[JURIST] The UN Security Council on Thursday voted to extend the mandate [press release] of the UN International Independent Investigation Commission [UN materials] probing the February 2005 assassination of former Lebanese Prime Minister Rafik Hariri [JURIST news archive] for an additional year until mid-June 2007. The Council's vote follows the recommendation of Serge Brammertz, deputy prosecutor of the International Criminal Court and head of the Hariri investigation. Brammertz presented the commission's fourth interim report [PDF] to the Security Council on Wednesday and said that the investigation has led to evidence that Hariri was a victim of a targeted assassination [press release]. Brammertz also noted a definite connection [AFP report] "in the modus operandi and their possible intent" between the Beirut bomb that killed Hariri and 22 others and 14 other attacks on anti-Syrian Lebanese leaders. Previous probe reports have implicated Syrian officials in the assassination [JURIST report].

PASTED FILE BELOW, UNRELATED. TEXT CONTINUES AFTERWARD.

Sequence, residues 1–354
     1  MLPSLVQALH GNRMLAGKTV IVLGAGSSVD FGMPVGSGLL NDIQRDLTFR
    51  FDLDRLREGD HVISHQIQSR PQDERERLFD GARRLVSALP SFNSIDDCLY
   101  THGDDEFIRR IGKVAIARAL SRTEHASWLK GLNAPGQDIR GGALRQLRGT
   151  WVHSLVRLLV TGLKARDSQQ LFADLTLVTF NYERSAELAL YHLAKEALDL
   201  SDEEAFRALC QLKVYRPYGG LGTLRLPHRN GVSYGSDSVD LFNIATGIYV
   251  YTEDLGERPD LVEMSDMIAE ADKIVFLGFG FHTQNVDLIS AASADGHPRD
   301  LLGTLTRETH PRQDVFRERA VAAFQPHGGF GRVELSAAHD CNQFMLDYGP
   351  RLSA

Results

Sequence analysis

In response to Brammertz's contention that Syria has "responded to all the commission's requests in a timely manner and in some instances comprehensive responses were provided," US Ambassador to the UN John Bolton [official website] told reporters Wednesday that Syria is not fully cooperating with the UN probe [statement; Reuters report]. According to Bolton, Brammertz's comments suggest that Syria gave many responses that were not comprehensive, though the report itself also said that cooperation with Syria has "developed further," and that their participation has been "generally satisfactory." BBC News has more. The UN News Centre has additional coverage.